My second passion is on the intersection of archives, records management, and information governance and emerging technologies. Several of my research projects related to the ways in which social media and cloud computing would impact those responsible for records and information within both the government and private sectors. My early studies showed a lack of awareness of and involvement in social media and cloud computing projects by those traditionally responsible for records—records managers and archivists. This motivated me to ensure that coursework within the MARA program ensured that the next generation of professionals would not only understand emerging technology and the impact on records and information management but also have the confidence in their abilities to engage with others within the organization to influence decisions made about the use and management of these technologies. Most recently my focus has been on blockchain distributed ledger technology. In order to motivate members of these professions to be more proactive in engaging with emerging technology, I have and will continue to write and present on these topics at local, state, national and international conferences and workshops.
Can you provide some suggestions for students to engage in research and to use research to improve professional practice?
There are many ways, but here are two:
Identify a faculty member that exhibits the passion for topics in which you are also interested. Volunteer to participate in their projects. For example, Dr. Bernier and I involved 46 iSchool students in our research into 198 National Archives. That book was published in 2018. I recently participated in a conference call with a hiring committee interviewing one of our graduates. It was a pleasure to explain the personal and research qualities he exhibited during the time he was involved with this project. I learned he was offered the position. His research skills will now have an impact on the library in which he will work.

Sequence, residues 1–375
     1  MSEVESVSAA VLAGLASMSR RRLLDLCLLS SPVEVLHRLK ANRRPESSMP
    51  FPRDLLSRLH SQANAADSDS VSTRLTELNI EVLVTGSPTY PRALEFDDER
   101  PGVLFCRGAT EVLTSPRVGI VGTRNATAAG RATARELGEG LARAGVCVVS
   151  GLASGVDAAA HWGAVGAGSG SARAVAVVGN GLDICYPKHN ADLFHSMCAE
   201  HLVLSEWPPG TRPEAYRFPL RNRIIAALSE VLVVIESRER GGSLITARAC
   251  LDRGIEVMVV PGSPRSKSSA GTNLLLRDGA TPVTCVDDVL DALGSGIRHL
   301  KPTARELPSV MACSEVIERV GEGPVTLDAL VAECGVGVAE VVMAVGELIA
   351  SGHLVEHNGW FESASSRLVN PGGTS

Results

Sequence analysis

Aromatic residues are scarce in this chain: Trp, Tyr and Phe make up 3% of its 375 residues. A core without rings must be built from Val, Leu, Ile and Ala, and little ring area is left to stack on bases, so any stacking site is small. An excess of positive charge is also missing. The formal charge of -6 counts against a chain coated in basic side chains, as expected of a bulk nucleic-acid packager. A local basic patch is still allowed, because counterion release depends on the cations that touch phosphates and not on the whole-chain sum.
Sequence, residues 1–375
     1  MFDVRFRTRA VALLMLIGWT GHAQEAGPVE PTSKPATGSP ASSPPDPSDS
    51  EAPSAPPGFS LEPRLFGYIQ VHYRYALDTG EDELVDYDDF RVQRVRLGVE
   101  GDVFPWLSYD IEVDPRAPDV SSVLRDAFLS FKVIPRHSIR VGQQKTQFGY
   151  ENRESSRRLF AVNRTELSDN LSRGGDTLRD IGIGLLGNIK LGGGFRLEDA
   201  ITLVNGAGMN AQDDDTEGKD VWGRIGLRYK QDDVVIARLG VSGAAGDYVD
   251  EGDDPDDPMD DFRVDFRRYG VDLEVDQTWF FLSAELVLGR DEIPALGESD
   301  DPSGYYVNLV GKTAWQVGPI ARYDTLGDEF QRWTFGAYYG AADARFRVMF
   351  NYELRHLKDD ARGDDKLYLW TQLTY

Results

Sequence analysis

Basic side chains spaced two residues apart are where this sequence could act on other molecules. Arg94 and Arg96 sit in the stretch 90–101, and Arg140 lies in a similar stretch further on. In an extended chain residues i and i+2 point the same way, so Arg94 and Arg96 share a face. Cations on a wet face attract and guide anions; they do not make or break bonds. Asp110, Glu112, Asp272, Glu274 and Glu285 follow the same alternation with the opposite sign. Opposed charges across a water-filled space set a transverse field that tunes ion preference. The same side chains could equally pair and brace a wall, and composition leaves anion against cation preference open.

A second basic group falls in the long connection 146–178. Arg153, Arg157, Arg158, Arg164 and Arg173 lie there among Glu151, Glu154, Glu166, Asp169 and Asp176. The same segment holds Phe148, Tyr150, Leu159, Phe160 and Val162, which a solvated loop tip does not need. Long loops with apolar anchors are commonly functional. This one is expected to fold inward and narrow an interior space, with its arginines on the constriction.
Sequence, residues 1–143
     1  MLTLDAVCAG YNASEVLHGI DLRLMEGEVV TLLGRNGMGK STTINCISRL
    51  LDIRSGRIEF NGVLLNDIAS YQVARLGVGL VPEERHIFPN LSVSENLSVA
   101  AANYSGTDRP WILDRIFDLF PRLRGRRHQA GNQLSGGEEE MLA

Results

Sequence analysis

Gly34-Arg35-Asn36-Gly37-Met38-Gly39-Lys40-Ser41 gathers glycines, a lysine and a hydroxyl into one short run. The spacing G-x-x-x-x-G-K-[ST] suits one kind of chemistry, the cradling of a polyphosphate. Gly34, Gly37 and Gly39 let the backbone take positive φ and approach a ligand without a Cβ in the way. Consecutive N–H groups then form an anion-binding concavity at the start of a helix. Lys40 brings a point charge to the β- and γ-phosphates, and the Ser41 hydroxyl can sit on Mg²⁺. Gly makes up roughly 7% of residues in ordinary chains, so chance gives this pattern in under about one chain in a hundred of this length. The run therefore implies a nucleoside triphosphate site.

Look for opportunities at work to apply your research skills to your current position. For example, one of our students conducted a study into the use of augmented and virtual reality in memory institutions. The results of the study will be shared with her own institution as they deliberate if and how they could incorporate this new technology into their activities. The research can also be shared with other memory institutions to better understand the potential applications of the technology as well as the implementation challenges they may face.
What is your most memorable experience at iSchool?
In spite of the fact that I embrace online learning, my most memorable experience was the opportunity to attend a faculty training institute held on campus before I had even taught a course for the iSchool. Dr. Ken Haycock, the Director at the time, had arranged for full- and part-time faculty to spend two days in San José during graduation week. It was my first visit to the city and the campus. I thoroughly enjoyed meeting the enthusiastic administrators and faculty members. I came away from that meeting with the thought that “this is where I belong.” When a permanent position was made available, I eagerly applied and have thoroughly enjoyed the opportunity to work with an incredibly innovative, supportive, and talented group of colleagues.
Do you mind sharing with us your plans after retirement?
I am leaving SJSU but not “retiring” from the profession. I am incoming president of the National Association of Government Archivists and Records Administrators (NAGARA). And I will continue to serve as a Board member for several associations and as a committee member for others.
This will actually be my second official retirement. All it means is that I am ready to explore new, different, and exciting career opportunities. But, first, I look forward to enjoying the summer at our lake house with my husband and our family and (as much as possible) without my computer.